It’s time to move on

One of the hardest decisions for both the student and the Professor is to know when to end that relationship. There are so many dynamics in this complex relationship between student and mentor, or student and adviser.

When do I know that it is time to let a student go?

  1. When the trust factor breaks down completely between student and the adviser. Here is an example. I had gone for a 6 week research project to another country. I had talked with each one of my students in my research group about my expectations for their research during this very important summer time. I had mapped out research plans and goals for each one of them before I left and I indicated to them that business is as usual since it is easy to keep in touch via email and other means. For most of my students except one this worked very well. My emails always were promptly attended to and work was being done even in my absence. But for that one student it meant freedom. He never responded to my emails and when I returned back to my office I went to his office and my questions were met with a cold stare. Days later I found out that the student left on vacation for 6 weeks while I was on a research trip. Mind you, that this student was being paid through a Graduate Research Assistantship at that point. As you can imagine it only took a few days for him to leave my group and the University to never return again.
  2. Some cases are even harder. One of my students that I recruited from another country came with excellent credentials but soon after he landed in the United States he began to miss home and could not adapt to a new country and a new place. He failed in all of his courses and he made the decision to go back home. He still keeps in touch and a few years after he returned home, he took some time to adjust and then went to Europe to finish his degree. He is doing extremely. Wrong time at the wrong place.
  3. This situation is even harder. The student simply does not grasp the work required for a research project and complete it according to the expected standards of the community. despite training and mentoring the student simply is not a good fit. As an adviser try to find a landing place for the student rather than simply terminating them. After all you recruited this student.

About Sundar Christopher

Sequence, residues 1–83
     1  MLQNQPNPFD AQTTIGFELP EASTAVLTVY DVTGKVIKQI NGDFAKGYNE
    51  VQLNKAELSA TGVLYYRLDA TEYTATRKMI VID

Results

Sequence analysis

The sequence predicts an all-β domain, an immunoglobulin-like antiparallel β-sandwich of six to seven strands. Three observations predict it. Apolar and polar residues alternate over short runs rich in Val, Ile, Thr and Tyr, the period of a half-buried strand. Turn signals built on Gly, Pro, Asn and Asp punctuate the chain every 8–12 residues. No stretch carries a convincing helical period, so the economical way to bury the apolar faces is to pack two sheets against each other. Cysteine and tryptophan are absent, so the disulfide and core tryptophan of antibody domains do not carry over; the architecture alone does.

Dr. Christopher received his PhD in Atmospheric Sciences from Colorado State University in 1995. He also holds a Master's degree in Meteorology from South Dakota School of Mines and Technology (SDSMT) and a Master’s degree in Industrial/Organizational Psychology from the University of Alabama in Huntsville. After completing his PhD, Dr. Christopher joined the faculty at SDSMT in the Department of Meteorology. In 1997, he joined the Department of Atmospheric Science at UAH as an Assistant Professor. He was promoted to Associate Professor in 2001 and Professor in 2007. From 2007-2014, he served as Associate Director of the Earth System Science Center. He served as Chairman of the Department of Atmospheric Science from 2010-2014. He successfully designed a Master's level graduate program in Earth System Science that educates and trains graduate students in new paradigms involving research to decision making. In 2014 he was appointed as Dean of the College of Science at the University of Alabama in Huntsville. Dr. Christopher's research interests include satellite remote sensing of clouds and aerosols and their impact on air quality, environment, health, and global and regional climate. He works with numerous satellite data sets from polar orbiting and geostationary satellites, ground-based instruments, and aircraft data to study the earth-atmosphere system. He has published more than 100 peer reviewed papers in national and international journals including several review papers related to aerosols, air quality and the climate impacts of aerosols. He has served on numerous national and international committees including the Climate Change Science Panel and the GEWEX. Dr. Christopher enjoys teaching and has designed and developed undergraduate and graduate level courses with special emphasis on hands-on training using satellite data. He also designed a professional development course for graduate students and maintains a blog to help students navigate graduate school. In 2011 AGU published his book titled Navigating Graduate School and Beyond : A Career Guide for Graduate Students and a Must Read for every Advisor. Dr. Christopher has published extensively in national and international peer-reviewed journals and has also presented his work at major scientific conferences. He has been invited to speak at major venues including the World Federation of Scientists (Erice, Sicily), the United Nations Symposium in 2007 (Graz, Austria), the American Association for Aerosol Research, Australian Meteorological and Oceanographic Society (AMOS), the United Nations Symposium on Space Applications, 2008 (Graz, Austria), the Osher Institute of Higher Learning, American Geophysical Union, American Meteorological Society, and various national and international universities (Indian Institute of Science, Bangalore, India, University of New South Wales, Sydney, Australia, Purdue University, Texas A&M, University of Nebraska, University of Wisconsin, Goddard Space Flight Center, Colorado State University, and others). He has won several million dollars in numerous grants and contracts from NASA, NOAA, and other federal agencies for studying earth-atmosphere processes. He has won several awards including the University Award for Research and Creative Achievement in 2006 and NASA New Investigator Award. He has published more than 100 papers in peer-reviewed journals and has served as an expert reviewer for the Climate Change Science Program (CCSP). He is a citizen of the United States of America.
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